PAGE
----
Jason Collett took a break from Broken Social Scene in 2005, choosing instead to focus on the promotion of Idols of Exile alongside his backing band, Paso Mino. Here's to Being Here arrives three years later, featuring a slimmed-down lineup (only Paso Mino and a small handful of guests lend their help) and an emphasis on dusty, '70s AM radio songcraft. Bob Dylan's raspy vocals and slow enunciations are an obvious influence here, but Collett's willingness to mix straightforward Americana with genre-bending experiments is more akin to a pre-Subtitulo Josh Rouse. These 12 songs are lightly embellished with pianos, handheld percussion, harmonicas, and multiple guitars, resulting in an organic mix that sounds worlds apart from the bombastic racket of Broken Social Scene. If that band's ethereal noise seeks to elevate the audience, then Here's to Being Here works at keeping the listener grounded in the highways, farms, and fields of Collett's image-heavy lyrics. He paints pictures like a storyteller, mapping out his songs with the names of roads and characters. And when Collett decides to truly relax, as he does on the mischievous "Out of Time," the results make for some of the disc's best moments. High-pitched coos gatecrash the song's chorus like they've just been kicked out of the Rolling Stones' "Sympathy for the Devil," and a harmonized keyboard solo injects a bit of the Steve Miller Band into an otherwise minimalist, Southern-styled slow jam. Such unexpected moves seem to be a new thing for Collett, and they combine to make this his strongest solo effort yet.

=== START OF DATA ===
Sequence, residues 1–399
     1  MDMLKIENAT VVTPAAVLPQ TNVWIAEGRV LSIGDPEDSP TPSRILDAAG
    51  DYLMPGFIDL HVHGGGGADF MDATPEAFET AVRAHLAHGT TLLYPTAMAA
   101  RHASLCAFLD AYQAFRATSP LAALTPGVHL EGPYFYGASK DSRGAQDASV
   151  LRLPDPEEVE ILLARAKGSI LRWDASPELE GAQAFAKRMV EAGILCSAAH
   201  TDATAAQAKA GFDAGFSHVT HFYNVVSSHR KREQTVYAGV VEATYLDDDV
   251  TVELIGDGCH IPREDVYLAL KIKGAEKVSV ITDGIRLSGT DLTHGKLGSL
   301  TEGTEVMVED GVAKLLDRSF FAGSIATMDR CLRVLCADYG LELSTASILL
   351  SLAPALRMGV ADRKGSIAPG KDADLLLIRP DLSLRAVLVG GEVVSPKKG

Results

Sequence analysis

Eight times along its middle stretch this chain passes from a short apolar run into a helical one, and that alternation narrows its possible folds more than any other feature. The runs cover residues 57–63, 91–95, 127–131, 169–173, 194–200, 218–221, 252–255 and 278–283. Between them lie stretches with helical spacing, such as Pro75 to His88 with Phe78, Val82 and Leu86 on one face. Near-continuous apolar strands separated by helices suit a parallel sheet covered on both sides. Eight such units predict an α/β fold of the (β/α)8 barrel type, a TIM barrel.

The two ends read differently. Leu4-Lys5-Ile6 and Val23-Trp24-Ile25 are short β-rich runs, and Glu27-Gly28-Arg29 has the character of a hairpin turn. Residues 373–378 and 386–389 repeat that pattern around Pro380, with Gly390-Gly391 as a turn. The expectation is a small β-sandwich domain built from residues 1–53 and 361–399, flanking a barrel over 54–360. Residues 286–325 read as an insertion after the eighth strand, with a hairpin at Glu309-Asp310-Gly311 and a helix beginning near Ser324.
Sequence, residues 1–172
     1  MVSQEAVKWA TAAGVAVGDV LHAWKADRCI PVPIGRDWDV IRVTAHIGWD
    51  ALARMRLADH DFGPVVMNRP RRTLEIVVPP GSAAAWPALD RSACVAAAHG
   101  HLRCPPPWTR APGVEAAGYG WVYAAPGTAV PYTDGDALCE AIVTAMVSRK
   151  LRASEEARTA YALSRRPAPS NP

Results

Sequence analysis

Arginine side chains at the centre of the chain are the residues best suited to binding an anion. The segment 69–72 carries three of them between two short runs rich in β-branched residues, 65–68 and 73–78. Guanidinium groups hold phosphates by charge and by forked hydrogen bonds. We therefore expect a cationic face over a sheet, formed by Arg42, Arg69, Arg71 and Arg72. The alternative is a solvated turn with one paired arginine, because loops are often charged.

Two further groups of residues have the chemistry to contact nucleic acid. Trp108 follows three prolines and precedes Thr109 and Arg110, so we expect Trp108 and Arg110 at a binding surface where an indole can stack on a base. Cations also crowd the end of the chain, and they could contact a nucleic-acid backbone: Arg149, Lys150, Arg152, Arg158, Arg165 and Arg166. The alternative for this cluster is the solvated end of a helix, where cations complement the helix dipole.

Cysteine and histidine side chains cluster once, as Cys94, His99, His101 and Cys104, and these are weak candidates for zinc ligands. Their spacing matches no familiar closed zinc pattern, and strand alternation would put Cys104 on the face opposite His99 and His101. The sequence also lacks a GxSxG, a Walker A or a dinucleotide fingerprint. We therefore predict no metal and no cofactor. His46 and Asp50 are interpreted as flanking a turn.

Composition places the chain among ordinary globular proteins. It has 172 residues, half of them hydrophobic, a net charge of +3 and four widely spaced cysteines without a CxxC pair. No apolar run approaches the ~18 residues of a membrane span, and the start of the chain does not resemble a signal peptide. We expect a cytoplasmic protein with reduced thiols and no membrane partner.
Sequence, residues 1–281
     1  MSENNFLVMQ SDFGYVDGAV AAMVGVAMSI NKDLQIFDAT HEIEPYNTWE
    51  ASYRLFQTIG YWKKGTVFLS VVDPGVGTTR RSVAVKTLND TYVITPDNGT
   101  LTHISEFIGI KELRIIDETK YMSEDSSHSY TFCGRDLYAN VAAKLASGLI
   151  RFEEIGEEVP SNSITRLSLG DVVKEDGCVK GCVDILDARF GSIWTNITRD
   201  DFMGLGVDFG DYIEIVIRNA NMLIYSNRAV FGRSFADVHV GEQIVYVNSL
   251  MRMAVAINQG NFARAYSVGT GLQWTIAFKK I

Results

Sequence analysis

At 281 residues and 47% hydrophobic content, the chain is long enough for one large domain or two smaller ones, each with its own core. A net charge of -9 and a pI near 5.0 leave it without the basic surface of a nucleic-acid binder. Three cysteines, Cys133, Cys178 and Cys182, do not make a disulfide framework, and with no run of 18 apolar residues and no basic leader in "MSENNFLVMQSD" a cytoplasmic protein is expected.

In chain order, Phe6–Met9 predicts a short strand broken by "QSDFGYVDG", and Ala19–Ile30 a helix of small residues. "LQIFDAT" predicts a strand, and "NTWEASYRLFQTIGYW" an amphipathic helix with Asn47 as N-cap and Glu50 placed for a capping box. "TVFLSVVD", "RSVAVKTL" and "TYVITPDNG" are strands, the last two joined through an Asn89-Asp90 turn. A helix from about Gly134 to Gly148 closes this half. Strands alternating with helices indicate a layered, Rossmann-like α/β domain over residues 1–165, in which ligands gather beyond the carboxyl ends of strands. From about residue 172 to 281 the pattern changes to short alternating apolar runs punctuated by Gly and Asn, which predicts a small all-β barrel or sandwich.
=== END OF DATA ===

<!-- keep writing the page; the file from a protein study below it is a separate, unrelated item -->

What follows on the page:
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AllMusic Review by Andrew Leahey